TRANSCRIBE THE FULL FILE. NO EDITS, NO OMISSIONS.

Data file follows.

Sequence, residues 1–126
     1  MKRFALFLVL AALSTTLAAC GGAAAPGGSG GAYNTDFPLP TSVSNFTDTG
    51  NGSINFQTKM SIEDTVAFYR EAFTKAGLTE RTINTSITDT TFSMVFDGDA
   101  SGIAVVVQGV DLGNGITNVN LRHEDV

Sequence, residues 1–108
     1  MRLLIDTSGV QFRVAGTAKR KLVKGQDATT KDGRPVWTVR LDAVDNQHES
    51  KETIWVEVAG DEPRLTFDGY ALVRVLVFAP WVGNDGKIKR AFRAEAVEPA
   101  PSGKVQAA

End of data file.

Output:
Sequence, residues 1–126
     1  MKRFALFLVL AALSTTLAAC GGAAAPGGSG GAYNTDFPLP TSVSNFTDTG
    51  NGSINFQTKM SIEDTVAFYR EAFTKAGLTE RTINTSITDT TFSMVFDGDA
   101  SGIAVVVQGV DLGNGITNVN LRHEDV

Sequence, residues 1–108
     1  MRLLIDTSGV QFRVAGTAKR KLVKGQDATT KDGRPVWTVR LDAVDNQHES
    51  KETIWVEVAG DEPRLTFDGY ALVRVLVFAP WVGNDGKIKR AFRAEAVEPA
   101  PSGKVQAA